Research Shows Scale of Abuse Against Animals in Domestic Abuse Cases

Media release from Cats Protection’s PAWS PROTECT 

New research shows scale of abuse against animals in domestic abuse cases

  • In this research, 88%1 of households involved in domestic abuse, animals were also abused by the perpetrator
  • In over 1 in 10 (12%)2 of households researched, animals were brutally killed by perpetrators to punish, frighten and entrap
  • Where a pet was given as a ‘gift’, abuse against the animal occurred in 94%3 of these households
  • Cats Protection’s Paws Protect and Dogs Trust’s Freedom Project have jointly fostered 1,500 pets in London and the Home Counties since 2004 through their specialist domestic abuse support services, but need more foster carers to help people and their pets fleeing domestic abuse
  • 16 days of action against gender-based violence began on the 25th November7

Almost nine in 101 households who experienced domestic abuse have said that animals were also abused by the perpetrators, according to shocking new research carried out by Refuge4Pets who work in partnership with Dogs Trust. These figures have been released as Cats Protection and Dogs Trust reach a milestone 1,500 pets fostered in the Home Counties, London & Essex on their Freedom Project and Paws Protect, which both support people fleeing domestic abuse by providing temporary foster homes for their dogs and cats.

The research surveyed 107 victim-survivors of domestic abuse and interviewed victim-survivors across the country, to better understand the link between domestic abuse and animal abuse.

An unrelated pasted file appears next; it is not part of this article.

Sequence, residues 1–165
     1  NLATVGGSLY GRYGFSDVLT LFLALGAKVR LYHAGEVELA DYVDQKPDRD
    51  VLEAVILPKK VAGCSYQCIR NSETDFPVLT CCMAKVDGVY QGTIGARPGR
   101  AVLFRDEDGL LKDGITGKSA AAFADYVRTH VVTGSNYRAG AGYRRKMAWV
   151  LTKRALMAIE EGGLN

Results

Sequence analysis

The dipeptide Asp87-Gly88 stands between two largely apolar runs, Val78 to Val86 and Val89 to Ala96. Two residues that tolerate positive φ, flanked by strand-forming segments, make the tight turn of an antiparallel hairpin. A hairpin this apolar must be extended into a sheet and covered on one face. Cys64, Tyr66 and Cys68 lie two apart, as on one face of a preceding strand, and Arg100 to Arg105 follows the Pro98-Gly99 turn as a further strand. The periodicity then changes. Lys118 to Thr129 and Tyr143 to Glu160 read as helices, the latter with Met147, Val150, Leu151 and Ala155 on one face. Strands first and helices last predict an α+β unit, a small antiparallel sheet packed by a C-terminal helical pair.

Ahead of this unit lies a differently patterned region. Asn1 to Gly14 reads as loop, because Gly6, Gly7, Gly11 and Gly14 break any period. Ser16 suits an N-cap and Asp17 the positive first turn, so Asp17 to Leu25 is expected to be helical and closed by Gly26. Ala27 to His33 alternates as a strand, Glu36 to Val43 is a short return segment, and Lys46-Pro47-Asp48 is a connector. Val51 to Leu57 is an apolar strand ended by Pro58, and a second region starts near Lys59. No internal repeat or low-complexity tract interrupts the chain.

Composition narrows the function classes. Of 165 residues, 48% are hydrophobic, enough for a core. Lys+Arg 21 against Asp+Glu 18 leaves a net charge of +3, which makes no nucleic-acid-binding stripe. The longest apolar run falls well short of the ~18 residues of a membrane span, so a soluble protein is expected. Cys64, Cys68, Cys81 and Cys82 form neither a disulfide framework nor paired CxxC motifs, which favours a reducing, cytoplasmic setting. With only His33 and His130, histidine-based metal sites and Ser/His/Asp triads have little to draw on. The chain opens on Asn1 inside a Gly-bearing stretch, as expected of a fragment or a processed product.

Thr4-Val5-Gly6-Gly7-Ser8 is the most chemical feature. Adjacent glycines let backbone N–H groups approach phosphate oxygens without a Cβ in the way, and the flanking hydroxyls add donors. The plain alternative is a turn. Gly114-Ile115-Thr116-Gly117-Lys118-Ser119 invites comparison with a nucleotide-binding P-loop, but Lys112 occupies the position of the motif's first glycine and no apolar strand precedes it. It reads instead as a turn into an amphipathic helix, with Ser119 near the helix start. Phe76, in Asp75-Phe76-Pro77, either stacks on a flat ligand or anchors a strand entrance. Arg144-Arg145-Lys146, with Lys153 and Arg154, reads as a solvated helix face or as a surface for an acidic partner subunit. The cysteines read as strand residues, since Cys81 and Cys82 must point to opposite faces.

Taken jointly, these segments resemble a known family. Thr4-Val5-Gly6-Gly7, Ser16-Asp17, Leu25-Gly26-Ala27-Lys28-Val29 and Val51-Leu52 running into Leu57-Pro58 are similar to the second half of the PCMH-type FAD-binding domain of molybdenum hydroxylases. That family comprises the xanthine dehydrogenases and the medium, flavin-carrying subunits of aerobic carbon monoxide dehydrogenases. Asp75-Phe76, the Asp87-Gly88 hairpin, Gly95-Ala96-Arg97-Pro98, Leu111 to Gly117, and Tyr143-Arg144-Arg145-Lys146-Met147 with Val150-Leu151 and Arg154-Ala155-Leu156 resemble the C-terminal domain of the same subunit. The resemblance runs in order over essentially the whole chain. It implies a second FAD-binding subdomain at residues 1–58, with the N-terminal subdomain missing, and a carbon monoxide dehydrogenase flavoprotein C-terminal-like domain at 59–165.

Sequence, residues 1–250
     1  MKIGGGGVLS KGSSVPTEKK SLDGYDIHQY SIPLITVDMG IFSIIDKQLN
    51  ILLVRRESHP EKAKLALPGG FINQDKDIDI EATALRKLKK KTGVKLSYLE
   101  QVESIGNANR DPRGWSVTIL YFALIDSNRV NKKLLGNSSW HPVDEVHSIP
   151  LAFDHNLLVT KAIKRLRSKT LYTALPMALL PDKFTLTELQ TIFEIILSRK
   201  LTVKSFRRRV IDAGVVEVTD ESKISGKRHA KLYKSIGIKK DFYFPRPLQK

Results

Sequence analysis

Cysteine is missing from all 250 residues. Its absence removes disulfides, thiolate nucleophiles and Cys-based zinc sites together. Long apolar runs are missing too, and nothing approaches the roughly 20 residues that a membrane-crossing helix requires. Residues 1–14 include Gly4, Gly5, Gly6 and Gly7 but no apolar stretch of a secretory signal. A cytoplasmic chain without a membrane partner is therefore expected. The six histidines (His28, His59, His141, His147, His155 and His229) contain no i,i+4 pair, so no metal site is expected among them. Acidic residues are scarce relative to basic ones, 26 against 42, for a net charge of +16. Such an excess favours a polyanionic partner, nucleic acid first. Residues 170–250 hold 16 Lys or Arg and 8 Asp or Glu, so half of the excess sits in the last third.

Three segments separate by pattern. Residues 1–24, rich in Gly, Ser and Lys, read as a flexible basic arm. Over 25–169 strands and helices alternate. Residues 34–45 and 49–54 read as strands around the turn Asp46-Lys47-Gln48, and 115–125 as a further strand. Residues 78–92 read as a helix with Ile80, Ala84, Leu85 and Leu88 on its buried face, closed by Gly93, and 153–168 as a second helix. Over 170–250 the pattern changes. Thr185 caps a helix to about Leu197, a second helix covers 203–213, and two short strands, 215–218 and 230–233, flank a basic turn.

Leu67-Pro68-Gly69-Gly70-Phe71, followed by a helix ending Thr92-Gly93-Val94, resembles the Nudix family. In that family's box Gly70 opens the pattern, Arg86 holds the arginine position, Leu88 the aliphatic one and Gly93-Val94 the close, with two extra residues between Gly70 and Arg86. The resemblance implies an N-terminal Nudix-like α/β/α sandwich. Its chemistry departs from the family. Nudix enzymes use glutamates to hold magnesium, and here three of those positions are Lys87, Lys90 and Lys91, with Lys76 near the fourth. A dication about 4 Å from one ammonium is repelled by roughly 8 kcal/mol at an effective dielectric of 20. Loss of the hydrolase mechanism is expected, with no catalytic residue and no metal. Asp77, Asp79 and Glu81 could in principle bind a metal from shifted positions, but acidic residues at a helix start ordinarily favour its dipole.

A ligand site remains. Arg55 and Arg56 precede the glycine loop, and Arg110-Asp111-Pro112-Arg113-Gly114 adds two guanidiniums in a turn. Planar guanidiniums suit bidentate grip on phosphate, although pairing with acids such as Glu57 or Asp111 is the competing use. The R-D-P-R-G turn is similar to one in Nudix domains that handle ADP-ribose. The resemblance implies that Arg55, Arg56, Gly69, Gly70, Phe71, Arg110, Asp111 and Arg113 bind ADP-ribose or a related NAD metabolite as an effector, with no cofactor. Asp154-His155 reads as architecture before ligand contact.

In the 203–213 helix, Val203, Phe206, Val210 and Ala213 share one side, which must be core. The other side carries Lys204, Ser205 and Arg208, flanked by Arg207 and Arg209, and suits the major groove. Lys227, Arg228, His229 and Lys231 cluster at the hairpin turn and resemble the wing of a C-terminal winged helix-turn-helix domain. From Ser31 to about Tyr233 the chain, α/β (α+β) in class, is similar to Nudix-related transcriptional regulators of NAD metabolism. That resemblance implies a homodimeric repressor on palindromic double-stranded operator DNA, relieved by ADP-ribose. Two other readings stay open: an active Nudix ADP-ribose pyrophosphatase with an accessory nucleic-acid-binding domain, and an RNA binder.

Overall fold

Worryingly, the research – carried out by Dr Mary Wakeham – showed that in one in ten (12%)2 of households where domestic abuse was present, the animal – and often multiple animals – had been killed.

Furthermore, in 94%3 of households where an animal was given as a ‘gift’, the animals were then abused and, in some cases, killed by the perpetrator – demonstrating that pets are used as tools by perpetrators of domestic abuse to control and coerce. In addition to the physical abuse that pets may suffer, Dogs Trust found that 97%of professionals working in the domestic abuse sector also said that animals are often used as a means of controlling someone experiencing domestic abuse.

In 2004 Dogs Trust launched its Freedom Project in London, offering vital support for dog owners escaping from domestic abuse, working in partnership with Cats Protection to offer foster homes for cats too. In 2017 the Freedom Project and Cats Protection began an official partnership in the Home Counties and Essex when the charity launched their own specialist service for cats, Paws Protect. The projects provide foster homes for pets, enabling survivors to access safe accommodation without the fear of what may happen to their pet if left behind. As many refuges are unable to accept pets, these important services give survivors the opportunity to escape abuse, safe in the knowledge that their pets will also be safe and well cared for. The pet fostering organisations are also members of the Links Group, which raises awareness of the links between abuse of animals and humans.

The Freedom Project and Paws Protect currently operate across London, the Home Counties and Essex. This year the projects will have fostered 1,500 pets across the area and helped over a thousand people since they both launched (Freedom in 2004 and Paws Protect in 2017). During the pandemic, incidents of domestic abuse soared and Dogs Trust fostered 65% more dogs across the Home Counties and Essex this year compared to the same period in 2020, with Paws Protect seeing their busiest ever quarter with an increase in referrals to the service of 64%.